ANSYS CFD solutions are being used to analyze these aerodynamic effects to optimize the performance of cyclists, whether alone or in a pack. Attend this webinar to learn from Professor Bert Blocken of Eindhoven University of Technology in the Netherlands and KU Leuven University in Belgium about the new research results on cycling aerodynamics that his team and their colleagues from Université de Liège have obtained in recent months.

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Getting Ready for the UEFA Euro 2016 Championship: Ball Aerodynamics, Stadium Stability and Communication Reliability
By Twan van Hooff, KU Leuven, Belgium and Juliano Fujioka Mologni, ESSS, Brazil

This year, the Stade de France in Paris will be the main stadium for the UEFA Euro tournament held every four years to determine the best national football (soccer) team in Europe. While the players have been training to get in the best shape possible for this important series, the engineers who design the stadiums have been running simulations to maximize the safety, comfort and functionality of the stadiums for the players, fans and news media.

Attend this webinar to learn from Dr. Twan van Hooff of KU Leuven University in Belgium how he used ANSYS CFD to analyze wind patterns and their impact on stadium stability, natural ventilation and keeping people dry on a rainy day. Also, Dr. Juliano Mologni from ESSS in Brazil will review how ANSYS electromagnetic simulation solutions help ensure stable communications in a complex stadium crowded with signals from television crews, cell phones, and cameras that help referees make the right call.

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Améliorer les performances sportives et réduire le risque de blessures grâce à l’utilisation de la simulation numérique

Si aujourd’hui la simulation numérique est devenue une technologie essentielle dans des domaines tels que l’aéronautique, le nucléaire, l’automobile, et par extension le sport automobile ; son utilisation par les équipementiers sportifs reste l’apanage d’une minorité. Néanmoins, le nombre de publications démontrant l’amélioration des performances dans des sports tels que la natation, la voile, le cyclisme, le golf, les sports de glisse, … se multiplient.

Ce webinar a pour objectif d’expliquer aux différents acteurs du monde du sport (équipementiers, athlètes, autorités régulatrices) ce qu’est la simulation numérique et quels en sont les bénéfices. Nous verrons également comment diverses associations à travers le monde, l’utilisent dans le but de tester différentes solutions et ainsi de sélectionner soit les plus performantes, soit celles qui minimiseront le risque de blessure pour les sportifs amateurs ou professionnels.

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The Ball is in Your Court
By Tom Allen, Manchester Metropolitan University & John Hart, Sheffield Hallam University

The moment of impact between tennis ball and racket, as viewed through computer simulations, reveals how crucial this encounter is to resulting flight of the ball. The same can be said for the shuttlecock in badminton. Modern predictive models show that improvements in tennis rackets — which primarily focus on reduced mass and increased structural stiffness — produced a 17.5 percent improvement in serving speed between 1870 and today. Making further improvements requires more complex and less obvious changes — such as the coefficient of friction (COF) between the strings and the ball, as well as the position of the racket’s balance point.

Attend this webinar to learn about the latest in tennis equipment simulations from Tom Allen of Manchester Metropolitan University, and badminton simulations from John Hart of Sheffield Hallam University. Discover how their in-depth investigations using computer-based models to study tennis and badminton could play a key role in the future development of these popular sports.

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Will CFD Influence the Winner of the Tour de France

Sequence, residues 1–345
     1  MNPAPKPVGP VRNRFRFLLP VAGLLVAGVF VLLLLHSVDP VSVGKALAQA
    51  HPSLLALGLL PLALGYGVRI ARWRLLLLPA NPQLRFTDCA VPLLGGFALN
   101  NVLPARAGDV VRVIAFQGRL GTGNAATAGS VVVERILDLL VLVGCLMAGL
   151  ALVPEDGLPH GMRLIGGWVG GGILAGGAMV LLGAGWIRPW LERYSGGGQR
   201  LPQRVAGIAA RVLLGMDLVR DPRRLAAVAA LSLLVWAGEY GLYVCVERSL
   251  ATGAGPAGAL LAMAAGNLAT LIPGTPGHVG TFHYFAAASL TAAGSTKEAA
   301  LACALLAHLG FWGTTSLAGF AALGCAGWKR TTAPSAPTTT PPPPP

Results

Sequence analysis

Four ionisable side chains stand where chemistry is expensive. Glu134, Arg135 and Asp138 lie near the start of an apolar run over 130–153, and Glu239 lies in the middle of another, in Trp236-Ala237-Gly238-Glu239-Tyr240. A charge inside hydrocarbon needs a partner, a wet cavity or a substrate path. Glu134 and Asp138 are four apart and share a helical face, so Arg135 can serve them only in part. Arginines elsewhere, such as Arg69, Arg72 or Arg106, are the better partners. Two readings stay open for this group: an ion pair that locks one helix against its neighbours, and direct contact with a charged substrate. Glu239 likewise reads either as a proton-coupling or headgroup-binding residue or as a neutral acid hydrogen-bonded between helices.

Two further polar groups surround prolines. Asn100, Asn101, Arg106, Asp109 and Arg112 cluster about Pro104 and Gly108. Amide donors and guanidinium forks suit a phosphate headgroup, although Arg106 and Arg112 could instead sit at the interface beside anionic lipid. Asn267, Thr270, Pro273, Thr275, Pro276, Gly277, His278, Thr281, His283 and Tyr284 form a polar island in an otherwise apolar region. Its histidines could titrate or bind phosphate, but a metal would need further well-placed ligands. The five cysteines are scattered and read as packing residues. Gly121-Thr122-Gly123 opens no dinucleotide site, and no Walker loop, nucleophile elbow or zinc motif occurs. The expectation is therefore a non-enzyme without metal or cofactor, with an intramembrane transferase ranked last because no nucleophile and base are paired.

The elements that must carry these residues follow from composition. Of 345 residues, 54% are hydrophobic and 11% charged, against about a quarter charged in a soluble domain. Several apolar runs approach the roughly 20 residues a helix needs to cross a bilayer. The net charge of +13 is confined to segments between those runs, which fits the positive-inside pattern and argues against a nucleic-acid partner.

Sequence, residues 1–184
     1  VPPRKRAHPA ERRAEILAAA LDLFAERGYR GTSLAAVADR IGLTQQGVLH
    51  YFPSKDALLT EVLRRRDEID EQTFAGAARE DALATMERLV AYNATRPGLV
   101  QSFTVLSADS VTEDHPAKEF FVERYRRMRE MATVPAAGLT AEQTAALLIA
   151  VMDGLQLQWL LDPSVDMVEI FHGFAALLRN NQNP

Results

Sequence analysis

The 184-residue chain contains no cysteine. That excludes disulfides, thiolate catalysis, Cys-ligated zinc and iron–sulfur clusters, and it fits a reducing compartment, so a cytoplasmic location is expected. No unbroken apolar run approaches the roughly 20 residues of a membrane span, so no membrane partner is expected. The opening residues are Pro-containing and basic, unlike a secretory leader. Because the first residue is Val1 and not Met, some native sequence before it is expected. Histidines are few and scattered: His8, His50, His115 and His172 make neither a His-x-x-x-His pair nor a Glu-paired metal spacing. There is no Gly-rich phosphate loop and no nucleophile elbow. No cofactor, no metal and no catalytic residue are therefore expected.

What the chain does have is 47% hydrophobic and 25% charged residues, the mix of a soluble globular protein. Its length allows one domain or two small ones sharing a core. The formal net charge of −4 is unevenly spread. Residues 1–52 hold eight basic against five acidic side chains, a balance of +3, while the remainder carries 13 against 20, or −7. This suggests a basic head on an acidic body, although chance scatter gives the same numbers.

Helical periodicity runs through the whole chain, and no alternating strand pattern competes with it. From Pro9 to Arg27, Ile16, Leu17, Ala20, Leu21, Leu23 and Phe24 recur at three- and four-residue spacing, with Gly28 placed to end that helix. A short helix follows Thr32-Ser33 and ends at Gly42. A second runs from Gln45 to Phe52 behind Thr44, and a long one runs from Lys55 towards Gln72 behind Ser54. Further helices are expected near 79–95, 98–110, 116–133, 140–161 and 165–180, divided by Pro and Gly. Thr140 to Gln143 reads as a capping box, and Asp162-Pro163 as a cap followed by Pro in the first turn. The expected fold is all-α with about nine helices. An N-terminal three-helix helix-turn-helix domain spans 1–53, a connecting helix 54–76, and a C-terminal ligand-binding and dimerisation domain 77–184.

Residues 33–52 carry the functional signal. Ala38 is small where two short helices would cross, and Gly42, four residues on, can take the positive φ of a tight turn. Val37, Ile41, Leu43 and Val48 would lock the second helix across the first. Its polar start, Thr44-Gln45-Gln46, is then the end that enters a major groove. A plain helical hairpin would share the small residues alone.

The team time trial stage in the Tour de France, or any major race, is always impressive because of the speed of each team and the excellent coordination between the athletes. Victory in this stage requires a lot of training, proper team collaboration and balance between the strongest performers and the weakest ones. The cycling world has been paying attention to CFD for years to improve the aerodynamics of a single cyclist. Now, recent investigations led by Eindhoven University of Technology in the Netherlands have modeled the interactions between several cyclists with special attention to a full team during a team time trial. Very insightful conclusions were reached to help leading teams refine their tactics.

Attend this webinar to discover how engineering simulation and CFD are now increasingly being used in cycling, not just to improve the performances of the bicycles themselves but to help the athletes adjust their positions for optimal results. Learn how wind engineering and airflow studies using CFD have led to calls for adjusting the rules about trailing cars to ensure a fair race. As the performances of these amazing athletes converge, the race may someday be won in front of the computer. This webinar will review some recent progress in cycling and its immediate impacts on the Tour de France.

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Reducing the Risk of Concussion Through Personalized Helmet Design

Concussions and other head injuries are significant issues in modern sports involving head impact. The long-term viability of these sports is being called into question because of the severity of the brain injuries that affect players long after their careers have ended. A highly realistic 3-D head model has been developed by Simpleware Ltd. from MRI data using novel segmentation and image-based meshing techniques. ANSYS Mechanical simulations are being used with this head model to evaluate and optimize the performance of next-generation protective head gear.

Attend this webinar to investigate the potential of image-based 3-D modeling from scan data (such as CT and MRI) for better understanding of damage to the brain and the performance of protective headgear. By analyzing the shockwaves generated in the model of the head and a football helmet using ANSYS Mechanical, engineers are learning how to optimize helmet designs, including the materials used to manufacture them, so they can absorb more of the shock that would normally reach the brain and reduce sudden stress amplification from shock reflection.

Download Recording